# Cheng’s Higher-dimensional category theory

Eugenia Cheng Higher-Dimensional Category Theory The architecture of mathematics (Thesis – University of Cambridge)
November 2000

## Introduction

The `high’ dimensions are not fully understood; various attempts have been made, but the relationship between them has
been unclear. Broadly speaking, my work has focused on the huge task of unifying the different theories.

## Chapter 1

### 1.1 Theory: What is mathematics?

Mathematics as a language has developed with a general aim of eliminating ambiguity. What has been sacrificed in pursuit of this ideal?

The most obvious sacrifice is that of scope. Rigour cannot be imposed upon every element of human consciousness. (Indeed, it may be precisely this impossibility that makes the human consciousness so endlessly rich.) In order to maintain rigour, we must be carefully precise about the issues we
are considering, and the context in which we are considering them.

A conceptual system is a system involving only ideas rather than physical phenomena. Physical systems pre-existing in the physical world around us already have properties which we can only observe and therefore not control. Scientific experiments seek to isolate parts of physical systems in order better to study their properties; a conceptual system might be seen as the purest form of such isolation. It is not only objects that are isolated, but characteristics of those objects.

Generally, we study such a system by defining the components we desire as our `building blocks’, together with any rules we require them to satisfy.

A small community may rely on the common sense of its inhabitants to preserve order. However, as the community grows it may become helpful or indeed necessary to organise the unspoken rules into a formal system of law. The system should reflect the `common sense’ behaviour of the inhabitants; the fact that it has been written down should aect their daily lives very little.

#### 1.2 Category Theory: The mathematics of mathematics

I have asserted that mathematics is the rigorous study of conceptual systems, and that category theory is the mathematics of mathematics. So category theory is the rigorous study of a conceptual system, where the system in question is mathematics itself.

[In] mathematics, it is not enough to know which objects we are considering; we must also specify the context in which we are relating these objects. Is a bicycle better than an egg? In the category `transport’, a bicycle is clearly better, but certainly not in the category `food’.

A category, then, is a collection of objects together with some ways of relating them to each other.

#### 1.3 Dimensions in Category Theory: Layers of complication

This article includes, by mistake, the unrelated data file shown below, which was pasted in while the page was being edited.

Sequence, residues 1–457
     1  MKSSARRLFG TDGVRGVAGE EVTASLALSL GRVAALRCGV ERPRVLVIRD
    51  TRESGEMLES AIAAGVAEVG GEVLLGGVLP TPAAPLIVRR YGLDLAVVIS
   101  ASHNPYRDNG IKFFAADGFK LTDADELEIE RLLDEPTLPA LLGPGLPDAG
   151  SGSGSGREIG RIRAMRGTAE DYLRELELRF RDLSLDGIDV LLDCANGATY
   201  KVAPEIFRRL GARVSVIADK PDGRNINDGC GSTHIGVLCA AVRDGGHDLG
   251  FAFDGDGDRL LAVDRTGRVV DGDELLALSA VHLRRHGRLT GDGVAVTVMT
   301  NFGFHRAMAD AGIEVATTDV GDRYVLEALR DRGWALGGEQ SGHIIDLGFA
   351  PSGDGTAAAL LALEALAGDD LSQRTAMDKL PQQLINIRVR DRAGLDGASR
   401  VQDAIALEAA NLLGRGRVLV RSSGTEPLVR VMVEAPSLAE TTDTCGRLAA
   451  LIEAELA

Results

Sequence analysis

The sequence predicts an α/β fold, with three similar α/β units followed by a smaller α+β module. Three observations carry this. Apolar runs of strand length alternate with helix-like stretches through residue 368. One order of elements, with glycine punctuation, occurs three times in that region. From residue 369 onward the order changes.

A category is a collection of objects together with some relationships between them. These relationships may also be regarded as objects and so
might also have relationships between them. These relationships might also have relationships between them, which might have relationships between them. Each of these levels of `relationships’ is what is called a dimension in category theory.

#### 1.4 Higher Dimensional Category Theory: Minimal rules for maximal expression

An n-category has

• objects: called 0-cells
• relationships between objects: called 1-cells
• relationships between relationships between objects: called 2-cells
• relationships between relationships between relationships between objects: called 3-cells
::: (all the above being building blocks)
• rules

The difficulty is that, just as relationships may have relationships, so rules may also satisfy rules. Rules for rules may also satisfy rules, and these themselves may satisfy more rules, and so on.

The difficulty is that as the number of dimensions increases, the complexity of the necessary rules increases with fearsome rapidity. … The thought of writing down the rules for a 5-category would make most category theorists shudder, let alone for a 10-category or a 4-million-category.
Clearly, some other way of approaching the theory is required.

## Chapter 2

### Completed research: The relationship between different approaches to higher-dimensional category theory.

There is an unmapped mountain. Various mountaineers
claim to have reached the summit; each has returned with
a map of his own route, and wondrous tales of the view
from the top. To map the whole mountain we must at
least see how the dierent routes relate to one another.
Did all the mountaineers really reach the top? In fact,
were they even climbing the same mountain?

## The future: up and along

As I progress towards the summit of the mountain I must
at each stage decide whether to proceed straight up the
face or to edge my way further around.

[The] so-called `coherence theorems’ … formalise the crucial assertion `this theory is sensible’.  …  It would … be of great value to be able to understand the coherence issue in a general n-dimensional setting, without having to consider each dimension separately.

There remains the important idea that the collection of n-categories should itself form an (n+1)-category … the need
for a generalisation to n is indisputable. It is therefore of utmost importance that this matter be resolved in order for any theory of n-categories to be at all satisfactory.